wax on about

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beppo

Senior Member
Italian
"She was waxing on about motherhood, like she understands the first thing about it. Talking about adopting some kid from China or Russia or something. You know, some of those kids turrn out to be killers. They're abused, just sick in the head..." From "Genesis" by Karin Slaughter. What's "wax on about" ?
Thanks for the usual help.
 
  • velisarius

    Senior Member
    British English (Sussex)
    I agree with xqby about this being a variety of the form "to wax lyrical,sentimental,enthusiastic etc.", but I think there are two expressions mixed here: "to go on about something" and "to wax * over something". Since this seems to be dialogue from a novel, it's probably a deliberately clumsy expression, not a mistake on the part of the novelist.
     

    Biffo

    Senior Member
    English - England
    I agree with xqby.

    However "She was waxing on about motherhood...":cross: is an error. "To wax" means to grow. If you wax lyrical you become/grow lyrical.

    wax (v.) "grow bigger or greater," O.E. weaxan "to increase, grow" (class VII strong verb; past tense weox, pp. weaxen), from P.Gmc. *wakhsan (cf. O.S., O.H.G. wahsan, O.N. vaxa, O.Fris. waxa, Du. wassen, Ger. wachsen, Goth. wahsjan "to grow, increase"), from PIE *wegs- (cf. Skt. vaksayati "cause to grow," Gk. auxein "to increase"), extended form of root *aug- "to increase" (see augment). Strong conjugation archaic after 14c.
    http://www.etymonline.com/index.php?allowed_in_frame=0&search=wax&searchmode=none
     

    PaulQ

    Senior Member
    UK
    English - England
    There is an interesting article about "to wax on" here: http://literalminded.wordpress.com/2008/07/31/waxing-on/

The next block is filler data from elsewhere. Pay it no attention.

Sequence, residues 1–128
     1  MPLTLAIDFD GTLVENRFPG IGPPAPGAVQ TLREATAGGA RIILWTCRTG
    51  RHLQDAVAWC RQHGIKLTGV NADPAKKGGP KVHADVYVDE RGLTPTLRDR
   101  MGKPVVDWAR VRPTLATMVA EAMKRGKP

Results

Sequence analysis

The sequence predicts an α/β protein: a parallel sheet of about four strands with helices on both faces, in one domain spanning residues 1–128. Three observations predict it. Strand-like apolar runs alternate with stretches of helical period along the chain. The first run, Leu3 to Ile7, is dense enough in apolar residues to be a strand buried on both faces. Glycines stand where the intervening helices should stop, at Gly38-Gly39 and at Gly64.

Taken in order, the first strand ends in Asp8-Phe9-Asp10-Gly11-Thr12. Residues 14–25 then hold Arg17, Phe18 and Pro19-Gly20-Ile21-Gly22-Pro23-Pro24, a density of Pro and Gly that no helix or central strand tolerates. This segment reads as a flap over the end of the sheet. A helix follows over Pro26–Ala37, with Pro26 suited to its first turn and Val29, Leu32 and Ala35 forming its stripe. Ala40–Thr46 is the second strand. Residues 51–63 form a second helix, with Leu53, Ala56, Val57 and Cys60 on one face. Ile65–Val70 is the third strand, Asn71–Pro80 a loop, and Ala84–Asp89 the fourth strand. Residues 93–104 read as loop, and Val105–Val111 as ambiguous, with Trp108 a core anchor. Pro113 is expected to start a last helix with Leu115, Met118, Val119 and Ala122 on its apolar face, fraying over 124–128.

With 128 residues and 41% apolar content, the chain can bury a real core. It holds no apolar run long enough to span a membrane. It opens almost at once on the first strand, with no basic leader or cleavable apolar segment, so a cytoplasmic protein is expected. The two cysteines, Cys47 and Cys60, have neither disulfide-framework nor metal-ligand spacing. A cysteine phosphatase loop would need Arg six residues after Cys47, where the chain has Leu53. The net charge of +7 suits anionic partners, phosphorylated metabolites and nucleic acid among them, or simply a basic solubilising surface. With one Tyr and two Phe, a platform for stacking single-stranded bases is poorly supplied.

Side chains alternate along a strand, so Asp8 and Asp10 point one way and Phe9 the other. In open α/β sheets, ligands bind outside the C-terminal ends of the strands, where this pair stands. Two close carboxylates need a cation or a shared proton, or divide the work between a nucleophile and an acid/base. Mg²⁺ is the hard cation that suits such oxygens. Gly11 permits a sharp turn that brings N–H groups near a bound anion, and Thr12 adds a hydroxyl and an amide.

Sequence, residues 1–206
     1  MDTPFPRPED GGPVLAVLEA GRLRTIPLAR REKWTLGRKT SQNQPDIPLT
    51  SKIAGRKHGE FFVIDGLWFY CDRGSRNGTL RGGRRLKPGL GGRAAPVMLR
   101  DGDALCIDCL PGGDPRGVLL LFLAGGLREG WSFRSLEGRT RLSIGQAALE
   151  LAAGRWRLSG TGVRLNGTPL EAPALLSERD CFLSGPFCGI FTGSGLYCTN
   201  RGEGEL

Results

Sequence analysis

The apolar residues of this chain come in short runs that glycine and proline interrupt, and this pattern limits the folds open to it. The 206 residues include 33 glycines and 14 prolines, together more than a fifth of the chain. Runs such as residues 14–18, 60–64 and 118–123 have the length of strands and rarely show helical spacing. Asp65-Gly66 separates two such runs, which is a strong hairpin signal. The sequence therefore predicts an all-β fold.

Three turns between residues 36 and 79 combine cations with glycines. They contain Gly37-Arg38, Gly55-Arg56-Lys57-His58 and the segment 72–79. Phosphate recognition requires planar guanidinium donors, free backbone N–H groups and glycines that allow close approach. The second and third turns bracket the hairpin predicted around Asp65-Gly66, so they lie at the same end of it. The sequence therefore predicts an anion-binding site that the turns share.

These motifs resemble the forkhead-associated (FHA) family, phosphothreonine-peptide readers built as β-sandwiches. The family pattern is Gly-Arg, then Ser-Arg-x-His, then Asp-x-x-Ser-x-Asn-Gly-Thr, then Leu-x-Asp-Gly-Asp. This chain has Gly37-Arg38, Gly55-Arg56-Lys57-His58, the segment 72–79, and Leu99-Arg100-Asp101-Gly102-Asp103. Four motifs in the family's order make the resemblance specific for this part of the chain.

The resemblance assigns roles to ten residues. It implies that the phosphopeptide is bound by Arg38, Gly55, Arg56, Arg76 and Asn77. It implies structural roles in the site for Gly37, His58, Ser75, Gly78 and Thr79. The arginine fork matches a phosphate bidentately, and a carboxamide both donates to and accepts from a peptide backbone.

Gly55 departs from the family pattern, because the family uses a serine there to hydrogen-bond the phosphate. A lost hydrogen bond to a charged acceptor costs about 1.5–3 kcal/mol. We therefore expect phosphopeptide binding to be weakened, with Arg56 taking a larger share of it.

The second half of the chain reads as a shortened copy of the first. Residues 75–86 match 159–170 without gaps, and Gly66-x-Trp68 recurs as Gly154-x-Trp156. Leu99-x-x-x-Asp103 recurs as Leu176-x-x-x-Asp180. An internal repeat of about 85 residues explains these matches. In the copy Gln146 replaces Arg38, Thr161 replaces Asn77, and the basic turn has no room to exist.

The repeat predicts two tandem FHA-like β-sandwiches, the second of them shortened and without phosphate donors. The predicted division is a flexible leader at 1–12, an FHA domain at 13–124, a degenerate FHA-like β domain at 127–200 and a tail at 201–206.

From the context, it seems that wax away means to write or talk about something in an overly serious or dramatic tone. As I wrote then, I imagine the sequence of events that got us to a state where wax could have this meaning.
    The site then enumerates the steps to the changing meaning (or at least use) of 'to wax', leading to the conclusion that "to wax on" = “to speak or write in an emotional manner”.

    Worth a read.
     

    Biffo

    Senior Member
    English - England
    There is an interesting article about "to wax on" here: http://literalminded.wordpress.com/2008/07/31/waxing-on/ The site then enumerates the steps to the changing meaning (or at least use) of 'to wax', leading to the conclusion that "to wax on" = “to speak or write in an emotional manner”.

    Worth a read.
    That is indeed very illuminating although I have to say it makes me cringe to think of the language being debased in this way. :(
     

    redgiant

    Senior Member
    Cantonese, Hong Kong
    Hi, does "wax on about" mean keep going on scientific research which feels more of an embellishment rather than a necessity for the story in the reviewer's view?

    Example
    : The book dragged when author Kerasote waxed on about scientific research into why dogs act the way they do. I skipped over those parts. The best stuff is about the mutual dependence on and love between Ted and Merle.

    Source: Merle's Door: Lessons from a Freethinking Dog Review

    Background: The reviewer of the book takes issue with the boring scientific information interjected into the story of the author's dog. Most reviewers who rate it 3 or below also share the same view. The attempt at padding out the story with psychological insights interrupts the flow and thus distracts from the well-craft, heart-tugging story.
     
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